critical criticism

Sunday1CoverMy completed novel is still not published.

(Insert bored gasps...)

I know, I know. I keep telling myself to finish the dam thing.  And I want to. But one thing keeps stopping me.

Fear.

Lately I've been looking into the reviews of books I've read and in particular I've been looking over the criticisms that appear within a book's listing on websites like Amazon and Good Reads:

  • "The novel just plodded; it was advertised as 'fast-paced', but that's false advertising..."
  • "I couldn't connect with the characters..."
  • "The book is full of barely sketched characters and the writing was so pedestrian that I was never drawn in..."

Ouch.  And it wasn't even said about MY book.

And there are many examples of now famous novels which were panned by readers and critics when they were first published - like "Brave New World", "The Grapes of Wrath", and "Catcher in the Rye".  My book isn't anything as life-changing as those classic writings - but it was never written to be anything more than a good story and a personal dare to see if I could finish something.

I realize that I won't be able to stop people from picking up my book and saying to themselves and to others, "What a load of crap."  And I never intended for it to be up there with Steinbeck or Hemingway. An idea popped into my head one day after reading a news article, I asked myself "What if...", and the story and the character seemed to evolve from there.

But now that I'm on the brink of publishing it, I find myself full of doubts, questions, and anxiety.

I don't know if that's normal for anyone who has gotten to the point of sending out their effort, but thoughts of my first novel effort not being worth anyone's time to read has grabbed me by the throat like a Harry Potter dementor - and seems to just suck the writing joy right out of me.

And so...there it sits. The manuscript is on it's final update, and I've told myself that after this current edit, I'll upload it to the self-publisher I've selected and move forward from there.

I had hopes that it would be ready for this Christmas, but it probably won't make that deadline.

Where's my dam patronus when I need it?


shoulders

"your forgiveness is my fortress...and your mercy is relentless"

I've loved this song for awhile. It's a good reminder when I'm feeling low and alone that He is there, carrying me on His shoulder - found and heading home. I'm so very thankful for His present in my life - reminding me of His love and protection.

 


the everlasting itch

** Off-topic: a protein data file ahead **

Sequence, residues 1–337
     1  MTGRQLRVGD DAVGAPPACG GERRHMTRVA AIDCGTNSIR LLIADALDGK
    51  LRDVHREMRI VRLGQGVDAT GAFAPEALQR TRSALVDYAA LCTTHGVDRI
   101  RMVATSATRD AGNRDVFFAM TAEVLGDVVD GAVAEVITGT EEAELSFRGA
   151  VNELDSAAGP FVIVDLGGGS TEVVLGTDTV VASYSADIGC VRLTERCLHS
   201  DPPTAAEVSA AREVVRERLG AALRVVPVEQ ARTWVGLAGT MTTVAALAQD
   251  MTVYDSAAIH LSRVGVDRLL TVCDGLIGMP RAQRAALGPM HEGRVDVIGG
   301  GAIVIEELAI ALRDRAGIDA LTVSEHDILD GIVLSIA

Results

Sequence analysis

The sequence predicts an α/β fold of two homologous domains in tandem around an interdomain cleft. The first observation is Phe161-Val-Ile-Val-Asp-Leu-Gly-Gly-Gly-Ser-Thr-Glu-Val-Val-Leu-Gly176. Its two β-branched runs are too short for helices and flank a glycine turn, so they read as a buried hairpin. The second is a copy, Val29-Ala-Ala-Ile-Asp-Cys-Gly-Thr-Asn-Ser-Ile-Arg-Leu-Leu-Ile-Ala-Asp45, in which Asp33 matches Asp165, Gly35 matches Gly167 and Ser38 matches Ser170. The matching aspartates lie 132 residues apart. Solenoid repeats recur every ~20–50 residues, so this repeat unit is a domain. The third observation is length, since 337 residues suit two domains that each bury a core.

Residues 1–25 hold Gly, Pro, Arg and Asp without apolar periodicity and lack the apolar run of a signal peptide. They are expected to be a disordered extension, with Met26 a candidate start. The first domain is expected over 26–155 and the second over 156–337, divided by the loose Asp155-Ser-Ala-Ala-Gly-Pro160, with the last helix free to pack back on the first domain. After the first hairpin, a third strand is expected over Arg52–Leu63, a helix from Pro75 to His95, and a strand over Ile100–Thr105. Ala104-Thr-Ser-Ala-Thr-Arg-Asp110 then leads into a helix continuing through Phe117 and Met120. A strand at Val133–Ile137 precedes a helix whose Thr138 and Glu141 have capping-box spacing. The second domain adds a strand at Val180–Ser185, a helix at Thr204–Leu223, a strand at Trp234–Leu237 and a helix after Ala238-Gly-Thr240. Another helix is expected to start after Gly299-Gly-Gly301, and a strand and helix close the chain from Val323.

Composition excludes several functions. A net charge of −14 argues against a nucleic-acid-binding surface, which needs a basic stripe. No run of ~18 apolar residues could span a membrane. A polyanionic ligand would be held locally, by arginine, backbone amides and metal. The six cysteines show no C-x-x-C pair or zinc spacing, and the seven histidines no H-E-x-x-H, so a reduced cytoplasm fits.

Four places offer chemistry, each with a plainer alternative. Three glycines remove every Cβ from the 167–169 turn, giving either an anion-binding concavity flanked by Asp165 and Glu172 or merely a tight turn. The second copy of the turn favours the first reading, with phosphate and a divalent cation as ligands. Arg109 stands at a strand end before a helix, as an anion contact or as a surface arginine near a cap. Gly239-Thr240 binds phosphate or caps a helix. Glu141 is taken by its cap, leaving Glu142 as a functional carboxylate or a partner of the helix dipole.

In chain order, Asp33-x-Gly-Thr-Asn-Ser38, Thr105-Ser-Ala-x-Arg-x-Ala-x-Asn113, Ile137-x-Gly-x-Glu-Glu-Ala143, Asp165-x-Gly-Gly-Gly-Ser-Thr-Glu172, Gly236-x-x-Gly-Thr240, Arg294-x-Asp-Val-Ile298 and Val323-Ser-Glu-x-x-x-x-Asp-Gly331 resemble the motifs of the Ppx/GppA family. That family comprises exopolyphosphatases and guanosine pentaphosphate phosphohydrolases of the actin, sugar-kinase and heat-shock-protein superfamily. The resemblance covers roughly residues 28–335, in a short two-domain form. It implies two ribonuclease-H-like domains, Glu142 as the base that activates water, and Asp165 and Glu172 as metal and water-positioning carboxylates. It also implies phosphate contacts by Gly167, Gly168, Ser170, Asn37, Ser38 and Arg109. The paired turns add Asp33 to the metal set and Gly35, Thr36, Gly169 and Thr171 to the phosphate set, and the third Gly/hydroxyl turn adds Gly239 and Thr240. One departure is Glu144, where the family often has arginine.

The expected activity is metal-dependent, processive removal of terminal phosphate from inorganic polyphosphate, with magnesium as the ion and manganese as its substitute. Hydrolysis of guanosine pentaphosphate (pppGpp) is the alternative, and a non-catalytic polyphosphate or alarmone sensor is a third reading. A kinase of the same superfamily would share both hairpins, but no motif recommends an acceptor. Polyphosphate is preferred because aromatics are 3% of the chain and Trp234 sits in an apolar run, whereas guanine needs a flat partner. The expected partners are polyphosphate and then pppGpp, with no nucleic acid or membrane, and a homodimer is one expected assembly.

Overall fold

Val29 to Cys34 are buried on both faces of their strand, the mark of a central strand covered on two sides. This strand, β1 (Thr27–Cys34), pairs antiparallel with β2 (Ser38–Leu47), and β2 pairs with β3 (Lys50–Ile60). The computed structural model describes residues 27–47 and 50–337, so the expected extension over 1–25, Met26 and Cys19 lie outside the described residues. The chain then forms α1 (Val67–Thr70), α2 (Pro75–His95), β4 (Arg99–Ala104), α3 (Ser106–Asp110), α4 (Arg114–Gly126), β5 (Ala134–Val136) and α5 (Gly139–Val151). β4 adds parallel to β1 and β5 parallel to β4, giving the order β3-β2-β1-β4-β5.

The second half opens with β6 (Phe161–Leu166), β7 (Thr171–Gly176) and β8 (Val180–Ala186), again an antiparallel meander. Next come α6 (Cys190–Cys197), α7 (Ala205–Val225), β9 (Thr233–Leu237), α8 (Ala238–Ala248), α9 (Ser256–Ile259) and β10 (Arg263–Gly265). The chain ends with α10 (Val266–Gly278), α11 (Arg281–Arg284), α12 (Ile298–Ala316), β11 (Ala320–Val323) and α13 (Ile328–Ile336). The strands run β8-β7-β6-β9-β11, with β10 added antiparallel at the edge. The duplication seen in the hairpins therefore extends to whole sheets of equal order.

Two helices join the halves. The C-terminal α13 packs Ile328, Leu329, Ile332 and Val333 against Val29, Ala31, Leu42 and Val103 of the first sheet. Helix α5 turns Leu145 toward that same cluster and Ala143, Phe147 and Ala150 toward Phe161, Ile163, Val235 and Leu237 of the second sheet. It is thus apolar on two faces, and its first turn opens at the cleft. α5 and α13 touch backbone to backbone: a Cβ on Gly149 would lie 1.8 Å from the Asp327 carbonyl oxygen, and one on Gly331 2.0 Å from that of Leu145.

Words about "natural selection" notwithstanding, this short film is a visual feast as Carl Sagan describes the lure of exploration. I don't know if our new president will revive the space program; it may be an unrealistic adventure to once again explore the universe and be stunned and amazed with God's creation. But we have made it to the moon and back. Maybe new space exploits await...

 


Be Ye Thankful, #4

What's Thanksgiving without a recipe?

A Recipe For Gratitude Gratitude

  1. Recognize all the good that you possess. Count your blessings rather than attempting to measure your apparent lack!
  2. Acknowledge that everything you have is a gift, not something you deserve … that God has enabled you to earn it, build it, create it, and maintain it.
  3. Identify the source of the gift, whether God or a human being. Gratitude is pointless without an object to receive our thanks.
  4. Express your thanks openly and cheerfully.

from the website Blog Sense by Barb


Be Ye Thankful, #3

Though our mouths were full of song as the sea,
and our tongues of exultation as the multitude of its waves,
and our lips of praise as the wide-extended firmament;
though our eyes shone with light like the sun and the moon,
and our hands were spread forth like the eagles of heaven,
and our feet were swift as hinds,
we should still be unable to thank thee and bless thy name,
O Lord our God and God of our fathers,
for one thousandth or one ten thousandth part of the bounties
which thou has bestowed upon our fathers and upon us.

  Hallel

 

from the Hebrew Prayer Book


Be Ye Thankful, #1

Now thank we all our God, With hearts and hands and voices;
Who wondrous things hath done, In whom this world rejoices.
Who, from our mother's arms, Hath led us on our way,
With countless gifts of love, And still is ours today.

O may this bounteous God through all our life be near us,
With ever joyful hearts and blessed peace to cheer us;
And keep still in grace, and guide us when perplexed;
And free us from all ills, in this world and the next.

All praise and thanks to God the Father now be given;
The Son and Him Who reigns with Them in highest heaven;
The one eternal God, Whom earth and heaven adore;
For thus it was, is now, and shall be evermore.


--hymn text by Martin Rinkart (1586-1649) Lutheran minister


open road

Openroad

Afoot and light-hearted I take to the open road,
Healthy, free, the world before me,
The long brown path before me leading wherever I choose.

Henceforth I ask not good-fortune, I myself am good-fortune,
Henceforth I whimper no more, postpone no more, need nothing,
Done with indoor complaints, libraries, querulous criticisms,
Strong and content I travel the open road.

The earth, that is sufficient,
I do not want the constellations any nearer,
I know they are very well where they are,
I know they suffice for those who belong to them.

(Still here I carry my old delicious burdens,